Conservationists working with Google Inc. have unveiled a tool that lets people view protected marine areas with the click of a mouse — a bid to harness the Internet's top search engine to raise awareness of endangered ocean habitats.

The feature on Google Earth displays icons indicating sensitive areas of the world's oceans, from the waters off the Galapagos Islands to the Seychelles in the Indian Ocean.

A click on them brings up photos and/or video of the sites and marine life there, as well as text explaining the sites, how they are managed and local maritime lore.

Google Earth project manager Steve Miller said the tool presented Tuesday, which Google Earth calls a layer, is the culmination of a yearlong project to let conservationists bring hard science to the general public in an entertaining way.

"We sat down and said 'let's open this up, let people around the world who might be passionate about their (marine protected area), who might be passionate about the water in their backyard, let them contribute to this,"' Miller said.

The new feature was presented at a congress of the International Union for Conservation of Nature, a grouping of more than 1,000 government and nongovernment organizations and almost 11,000 volunteer scientists in more than 160 countries.

Google Earth is the platform for the new tool and helped develop it with the IUCN and the World Commission on Protected Areas.

Around 4,500 spots scattered around the world's oceans have been designated as marine protected areas, which means activities such as commercial or recreational fishing are restricted or outright banned to protect dwindling stocks of fish and other marine species.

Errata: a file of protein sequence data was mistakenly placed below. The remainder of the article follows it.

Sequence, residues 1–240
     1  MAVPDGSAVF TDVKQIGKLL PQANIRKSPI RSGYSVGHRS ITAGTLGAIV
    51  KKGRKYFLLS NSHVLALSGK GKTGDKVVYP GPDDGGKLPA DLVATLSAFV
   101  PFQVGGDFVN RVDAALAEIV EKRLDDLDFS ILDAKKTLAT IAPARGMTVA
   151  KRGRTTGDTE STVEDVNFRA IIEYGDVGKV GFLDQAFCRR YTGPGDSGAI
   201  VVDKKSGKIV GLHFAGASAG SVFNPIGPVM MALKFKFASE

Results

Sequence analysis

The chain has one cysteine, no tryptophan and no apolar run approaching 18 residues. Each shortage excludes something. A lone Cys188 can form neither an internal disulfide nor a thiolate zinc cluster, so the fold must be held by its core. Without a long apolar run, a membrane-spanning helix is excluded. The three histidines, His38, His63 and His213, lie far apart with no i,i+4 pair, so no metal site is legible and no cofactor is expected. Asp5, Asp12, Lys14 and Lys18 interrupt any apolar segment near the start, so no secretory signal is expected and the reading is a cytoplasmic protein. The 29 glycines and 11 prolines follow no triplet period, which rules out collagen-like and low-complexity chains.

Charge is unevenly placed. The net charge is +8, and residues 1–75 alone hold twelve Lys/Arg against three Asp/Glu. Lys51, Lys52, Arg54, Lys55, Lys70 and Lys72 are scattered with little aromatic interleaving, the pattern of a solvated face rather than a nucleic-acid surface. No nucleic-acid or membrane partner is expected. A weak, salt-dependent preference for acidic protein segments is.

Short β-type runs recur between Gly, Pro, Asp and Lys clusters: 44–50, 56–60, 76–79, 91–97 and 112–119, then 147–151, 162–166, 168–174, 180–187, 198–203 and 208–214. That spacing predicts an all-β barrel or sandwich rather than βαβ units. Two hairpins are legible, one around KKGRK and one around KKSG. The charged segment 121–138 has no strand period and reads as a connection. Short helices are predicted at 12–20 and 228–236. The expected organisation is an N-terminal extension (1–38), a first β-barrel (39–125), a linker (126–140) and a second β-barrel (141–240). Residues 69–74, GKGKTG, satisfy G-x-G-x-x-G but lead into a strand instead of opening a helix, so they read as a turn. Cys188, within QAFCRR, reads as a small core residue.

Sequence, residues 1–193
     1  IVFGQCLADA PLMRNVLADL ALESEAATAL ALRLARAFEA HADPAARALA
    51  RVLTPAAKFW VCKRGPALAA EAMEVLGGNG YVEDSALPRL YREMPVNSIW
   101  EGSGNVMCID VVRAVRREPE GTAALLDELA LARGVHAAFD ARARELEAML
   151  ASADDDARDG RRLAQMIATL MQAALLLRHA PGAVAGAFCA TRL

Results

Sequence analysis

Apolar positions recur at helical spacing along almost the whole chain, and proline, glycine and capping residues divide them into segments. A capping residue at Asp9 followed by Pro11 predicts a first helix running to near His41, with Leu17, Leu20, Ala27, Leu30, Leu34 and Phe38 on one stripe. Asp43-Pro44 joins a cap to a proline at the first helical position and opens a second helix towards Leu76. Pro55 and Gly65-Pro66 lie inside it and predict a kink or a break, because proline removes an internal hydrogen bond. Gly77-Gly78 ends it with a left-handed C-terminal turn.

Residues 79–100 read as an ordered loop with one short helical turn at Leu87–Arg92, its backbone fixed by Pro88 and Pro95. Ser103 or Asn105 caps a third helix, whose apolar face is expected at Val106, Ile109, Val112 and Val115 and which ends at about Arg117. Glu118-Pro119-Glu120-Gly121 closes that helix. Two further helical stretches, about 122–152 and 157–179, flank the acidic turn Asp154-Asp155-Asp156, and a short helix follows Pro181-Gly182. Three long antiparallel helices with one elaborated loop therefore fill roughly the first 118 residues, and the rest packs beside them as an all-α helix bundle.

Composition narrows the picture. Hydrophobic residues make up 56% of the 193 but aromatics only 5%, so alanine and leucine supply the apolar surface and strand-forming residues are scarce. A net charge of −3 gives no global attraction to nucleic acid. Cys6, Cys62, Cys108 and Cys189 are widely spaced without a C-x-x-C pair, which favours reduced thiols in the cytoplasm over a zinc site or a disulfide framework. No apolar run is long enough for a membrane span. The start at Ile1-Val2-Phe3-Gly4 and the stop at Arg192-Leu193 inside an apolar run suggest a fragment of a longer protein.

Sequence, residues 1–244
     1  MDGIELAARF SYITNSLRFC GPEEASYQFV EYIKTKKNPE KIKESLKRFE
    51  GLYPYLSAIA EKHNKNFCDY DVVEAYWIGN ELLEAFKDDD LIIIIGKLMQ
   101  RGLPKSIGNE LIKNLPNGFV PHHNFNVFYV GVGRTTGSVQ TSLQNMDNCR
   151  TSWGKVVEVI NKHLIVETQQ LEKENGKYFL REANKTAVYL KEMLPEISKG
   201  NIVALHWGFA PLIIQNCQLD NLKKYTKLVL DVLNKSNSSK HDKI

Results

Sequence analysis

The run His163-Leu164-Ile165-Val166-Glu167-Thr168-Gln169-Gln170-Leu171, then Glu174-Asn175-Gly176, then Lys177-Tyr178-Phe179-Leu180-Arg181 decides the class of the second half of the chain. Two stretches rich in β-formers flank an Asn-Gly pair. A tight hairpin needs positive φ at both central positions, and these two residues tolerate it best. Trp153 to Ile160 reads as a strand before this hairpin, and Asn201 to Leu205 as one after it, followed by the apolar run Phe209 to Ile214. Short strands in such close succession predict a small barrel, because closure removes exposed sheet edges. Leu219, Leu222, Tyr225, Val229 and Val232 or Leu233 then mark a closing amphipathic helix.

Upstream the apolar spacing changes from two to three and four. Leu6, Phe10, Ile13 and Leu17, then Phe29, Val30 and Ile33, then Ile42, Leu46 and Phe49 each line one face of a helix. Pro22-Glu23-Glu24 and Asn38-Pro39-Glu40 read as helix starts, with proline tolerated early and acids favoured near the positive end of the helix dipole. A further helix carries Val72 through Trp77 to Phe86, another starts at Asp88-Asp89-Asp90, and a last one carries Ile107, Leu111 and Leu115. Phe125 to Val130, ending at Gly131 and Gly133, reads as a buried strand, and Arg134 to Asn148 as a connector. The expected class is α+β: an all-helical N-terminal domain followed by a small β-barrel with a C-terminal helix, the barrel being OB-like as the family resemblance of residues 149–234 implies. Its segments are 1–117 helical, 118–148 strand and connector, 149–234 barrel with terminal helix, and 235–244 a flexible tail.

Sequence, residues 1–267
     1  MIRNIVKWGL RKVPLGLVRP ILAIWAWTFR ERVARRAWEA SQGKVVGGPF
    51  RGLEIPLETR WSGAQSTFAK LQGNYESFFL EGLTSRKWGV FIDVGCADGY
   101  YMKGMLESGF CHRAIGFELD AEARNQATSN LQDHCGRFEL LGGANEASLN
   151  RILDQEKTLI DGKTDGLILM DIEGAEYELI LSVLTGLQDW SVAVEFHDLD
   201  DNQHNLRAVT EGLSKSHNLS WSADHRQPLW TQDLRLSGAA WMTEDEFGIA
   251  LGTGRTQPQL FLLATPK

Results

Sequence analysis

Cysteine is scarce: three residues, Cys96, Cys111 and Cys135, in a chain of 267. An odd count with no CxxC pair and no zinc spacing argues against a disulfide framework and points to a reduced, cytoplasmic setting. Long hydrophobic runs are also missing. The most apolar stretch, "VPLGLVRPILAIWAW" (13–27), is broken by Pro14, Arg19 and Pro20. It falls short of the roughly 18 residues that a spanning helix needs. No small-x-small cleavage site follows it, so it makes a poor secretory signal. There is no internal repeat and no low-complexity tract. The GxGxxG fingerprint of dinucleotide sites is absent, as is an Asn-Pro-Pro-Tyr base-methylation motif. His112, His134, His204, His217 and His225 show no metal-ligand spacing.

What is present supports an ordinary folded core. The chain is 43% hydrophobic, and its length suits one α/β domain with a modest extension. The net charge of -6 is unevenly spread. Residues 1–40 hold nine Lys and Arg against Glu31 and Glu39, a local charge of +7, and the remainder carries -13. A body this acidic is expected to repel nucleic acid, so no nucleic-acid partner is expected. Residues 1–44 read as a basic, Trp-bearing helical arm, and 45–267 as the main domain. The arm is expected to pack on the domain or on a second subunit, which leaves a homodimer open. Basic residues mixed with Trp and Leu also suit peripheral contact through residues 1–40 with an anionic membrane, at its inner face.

Not all of them are featured on the Google tool, but its creators say it is nonetheless a groundbreaking way to get people all over the world interested in the environment.

At the same presentation, National Geographic unveiled another novelty: a live, continuous underwater video feed of a coral reef, off Belize in Central America, WildCam Belize Reef.

National Geographic has been attaching cameras to land animals like lions and sea creatures like turtles for years and sharing the footage, but this project is believed to be the first such experiment that provides a live, nonstop feed, said Torre Stockard of National Geographic's remote imaging department.

Laffoley said he was viewing it the other day during the testing phase, sipping his first cup of morning coffee as dawn broke in Belize, when suddenly a shark swam by on his computer screen.

"It is going to be addictive for a lot of people to have this kind of connectivity," he said.